By Zuerrnnovahh-Starr Livingstone
Oct. 1, 2002
In this crazy world, myth carries more truth than the six o'clock news.
Thunderbird: A supernatural creature prominent in Northwest Coast
Indian myths. Thunder and lightning are attributed to the thunderbird,
which produces thunder by flapping its wings and lightning by opening and
closing its eyes. The Thunderbird is said to hunt whales, using its wings
to shoot arrows. Among some Plains First Nations, thunderstorms are a contest
between the Thunderbird and a huge rattlesnake. Individuals who had been
struck by lightning and survived often became Shamans, for they had received
the power of the monster bird...written by: Rene R. Gadacz from: The
Canadian Encyclopedia, Year 2000 Edition, publisher: McClelland and
The Thunderbirds in native "myth" are the large Sylphs whose heat signatures
in the infrared are measured in miles. The huge rattlesnake is the jetstream
in the stratosphere. Sylphs use the jetstream to move around quickly. They
also use energy from the jetstream in the creation of thunderstorms. There
is a huge orgone energy component running parallel above the physical jetstream.
Native shamans travelling out of the body see the orgone jetstream moving
like a sidewinder rattlesnake across the sky. In 1899 Tesla guessed that
there was a lot of energy in the high atmosphere.
As there are underwater Sylphs called Undines who frolic with
whales, I would guess that the arrows flying from the thunderbird would
be smaller Sylphs diving into the water to play with their cousins. I sincerely
doubt that thunderbirds would hurt whales. In the rare event of an actual
thunderstorm over a pod of whales, there is only an average of five days
each year of Pacific Coast thunderstorms, smaller Sylphs would warn the
whales away from the area where the lightning could strike.
Undines guide whale and fish migration. There is a remarkable video
of a school of herring attacked by sharks off the coast of South Africa.
The herring went into a defensive ball which confused the sharks. I could
see the outlines of the protective Undine guiding the herring.
The large Sylphs are extremely wise. They have techniques of avoiding
by creating destructive thunderstorms. Most thunderstorms are short lived,
six to ten hours. When the storm appears to be becoming too large, they
withdraw and the storm collapses. In some cases a piece of crystalized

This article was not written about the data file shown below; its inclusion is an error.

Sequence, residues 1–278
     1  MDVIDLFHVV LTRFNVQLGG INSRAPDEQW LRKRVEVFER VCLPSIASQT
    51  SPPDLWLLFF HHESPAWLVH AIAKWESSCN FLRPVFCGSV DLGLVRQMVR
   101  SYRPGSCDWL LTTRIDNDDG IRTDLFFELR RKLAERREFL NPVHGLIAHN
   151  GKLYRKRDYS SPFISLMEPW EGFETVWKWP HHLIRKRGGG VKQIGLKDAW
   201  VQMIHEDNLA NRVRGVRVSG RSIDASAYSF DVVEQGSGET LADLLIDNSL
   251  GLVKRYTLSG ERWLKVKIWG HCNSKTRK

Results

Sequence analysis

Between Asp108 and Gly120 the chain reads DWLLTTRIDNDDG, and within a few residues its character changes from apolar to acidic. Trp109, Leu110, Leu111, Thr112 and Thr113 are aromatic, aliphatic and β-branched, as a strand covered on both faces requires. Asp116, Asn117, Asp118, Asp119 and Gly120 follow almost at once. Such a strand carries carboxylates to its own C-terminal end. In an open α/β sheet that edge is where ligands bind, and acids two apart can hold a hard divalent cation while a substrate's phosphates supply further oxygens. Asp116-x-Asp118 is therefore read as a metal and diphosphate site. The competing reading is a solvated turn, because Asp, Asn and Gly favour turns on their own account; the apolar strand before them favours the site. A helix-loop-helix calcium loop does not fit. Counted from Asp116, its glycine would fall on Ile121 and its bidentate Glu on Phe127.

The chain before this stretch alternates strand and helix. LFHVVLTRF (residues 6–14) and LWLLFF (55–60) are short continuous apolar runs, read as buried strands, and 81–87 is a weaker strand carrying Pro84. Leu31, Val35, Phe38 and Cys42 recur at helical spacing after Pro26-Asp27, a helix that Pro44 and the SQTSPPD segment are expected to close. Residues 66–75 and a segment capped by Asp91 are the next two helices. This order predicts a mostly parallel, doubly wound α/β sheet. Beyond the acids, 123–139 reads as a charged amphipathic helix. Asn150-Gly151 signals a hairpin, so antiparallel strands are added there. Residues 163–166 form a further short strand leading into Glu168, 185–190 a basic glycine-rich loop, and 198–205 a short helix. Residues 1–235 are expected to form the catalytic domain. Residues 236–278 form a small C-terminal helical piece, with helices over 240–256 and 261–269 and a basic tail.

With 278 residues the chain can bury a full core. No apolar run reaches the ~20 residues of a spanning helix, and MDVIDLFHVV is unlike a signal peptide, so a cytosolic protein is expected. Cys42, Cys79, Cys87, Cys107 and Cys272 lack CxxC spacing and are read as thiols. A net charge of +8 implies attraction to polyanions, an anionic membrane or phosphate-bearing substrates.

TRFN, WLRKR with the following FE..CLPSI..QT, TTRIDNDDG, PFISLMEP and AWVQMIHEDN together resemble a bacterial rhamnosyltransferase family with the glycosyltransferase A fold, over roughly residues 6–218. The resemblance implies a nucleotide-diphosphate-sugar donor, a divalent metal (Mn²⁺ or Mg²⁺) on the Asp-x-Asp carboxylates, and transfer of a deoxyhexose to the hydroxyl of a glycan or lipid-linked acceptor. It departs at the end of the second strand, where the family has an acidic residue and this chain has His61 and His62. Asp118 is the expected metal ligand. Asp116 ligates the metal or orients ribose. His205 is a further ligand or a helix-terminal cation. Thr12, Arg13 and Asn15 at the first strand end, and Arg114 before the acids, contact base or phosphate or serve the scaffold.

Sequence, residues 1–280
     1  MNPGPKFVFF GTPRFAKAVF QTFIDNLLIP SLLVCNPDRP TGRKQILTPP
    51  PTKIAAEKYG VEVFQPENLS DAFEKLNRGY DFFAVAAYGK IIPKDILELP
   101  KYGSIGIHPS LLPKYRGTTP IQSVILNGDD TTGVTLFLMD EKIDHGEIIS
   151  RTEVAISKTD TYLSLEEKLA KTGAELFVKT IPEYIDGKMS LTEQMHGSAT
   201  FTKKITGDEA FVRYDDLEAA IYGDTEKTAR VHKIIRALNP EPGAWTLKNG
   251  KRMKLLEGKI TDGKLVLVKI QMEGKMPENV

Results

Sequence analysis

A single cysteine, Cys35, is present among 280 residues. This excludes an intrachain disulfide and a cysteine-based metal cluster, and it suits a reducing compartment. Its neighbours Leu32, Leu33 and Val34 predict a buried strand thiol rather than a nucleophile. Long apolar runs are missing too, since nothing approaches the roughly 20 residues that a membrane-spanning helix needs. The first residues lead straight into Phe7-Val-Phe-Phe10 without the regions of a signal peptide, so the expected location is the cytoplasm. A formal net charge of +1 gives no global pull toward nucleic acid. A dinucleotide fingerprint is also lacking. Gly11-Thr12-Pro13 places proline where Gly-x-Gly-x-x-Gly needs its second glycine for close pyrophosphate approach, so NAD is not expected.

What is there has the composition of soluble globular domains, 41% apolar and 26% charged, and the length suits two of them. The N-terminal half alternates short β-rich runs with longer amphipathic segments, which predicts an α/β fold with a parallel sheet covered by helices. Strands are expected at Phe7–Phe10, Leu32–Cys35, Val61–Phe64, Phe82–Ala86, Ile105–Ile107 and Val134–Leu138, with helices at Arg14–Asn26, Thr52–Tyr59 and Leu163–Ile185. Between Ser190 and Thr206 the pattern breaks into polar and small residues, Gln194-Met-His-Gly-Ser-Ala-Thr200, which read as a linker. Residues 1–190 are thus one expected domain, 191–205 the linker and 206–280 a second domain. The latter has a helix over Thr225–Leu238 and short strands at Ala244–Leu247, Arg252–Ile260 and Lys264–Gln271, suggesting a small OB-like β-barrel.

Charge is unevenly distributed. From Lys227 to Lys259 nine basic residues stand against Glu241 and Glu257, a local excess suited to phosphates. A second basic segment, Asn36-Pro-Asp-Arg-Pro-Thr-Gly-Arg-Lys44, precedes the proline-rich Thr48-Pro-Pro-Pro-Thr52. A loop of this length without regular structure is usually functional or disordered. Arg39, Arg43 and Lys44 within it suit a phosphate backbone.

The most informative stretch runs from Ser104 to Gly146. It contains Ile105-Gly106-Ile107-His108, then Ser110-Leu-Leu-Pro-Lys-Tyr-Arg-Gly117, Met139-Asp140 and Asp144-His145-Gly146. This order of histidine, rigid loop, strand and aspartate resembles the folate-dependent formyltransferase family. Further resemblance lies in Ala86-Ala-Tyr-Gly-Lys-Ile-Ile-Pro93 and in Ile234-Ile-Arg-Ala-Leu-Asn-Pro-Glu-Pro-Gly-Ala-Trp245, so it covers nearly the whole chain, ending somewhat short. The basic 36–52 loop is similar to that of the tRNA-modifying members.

orgone has become fixed over a town, a threat to the health of the region,
drastic measures are required to break it up. In a calculated move, the
Sylph brings as much wind, rain, lightning and thunder to disperse the
problem, as the area can bear. Often, it takes a repetition of thunderstorms.
Lightning and thunder shatters crystalizations, wind and rain scatters
and splatters the negative orgone.
This is an article from October 2002 Discover Magazine, page
Summer thunderstorms in the Midwest are confounding: They materialize
out of nowhere. "If you look at a radar screen, it looks like a storm happens
in one place, goes away, then a whole group of totally unrelated storms
grow up a few hundred miles away," says meteorologist Richard Carbone of
the National Center for Atmospheric Research in Boulder, Colorado. But
when Carbone and his colleagues analyzed 50,000 radar images of thunderstorms
that occurred between 1997 and 2000, they uncovered a previously undetected
pattern. "As systems die, they cause the birth of new groups of thunderstorms
in a very systematic way," he says. One storm triggers another and so on,
creating ripples of rain that move west to east from the eastern edge of
the Rockies to the Appalachian Mountains.
Carbone suspects that the ripple effect is driven by enormous atmospheric
waves resulting from differences in the buoyancy of air masses. "Once we
understand it, perhaps we'll be able to make the kind of precision predictions-say,
that there is a 90 percent chance of rain in a metropolitan area in 18
hours-that will impact business decisions and human welfare," Carbone says.
Just recognizing the pattern should improve forecasts: "We may not know
where the storms will start, but once they get going, the near future is
much more predictable." -Kathy A. Svitil
Sylphs are the master gardeners who know how to sprinkle properly
if they are allowed to do so.
Carbone should open up his higher senses and get his forecasts directly
from the Thunderbirds.
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the opinion of the author and is provided for educational purposes only.
It is not to be construed as medical advice. Only a licensed medical doctor
can legally offer medical advice in the United States. Consult the healer
of your choice for medical care and advice.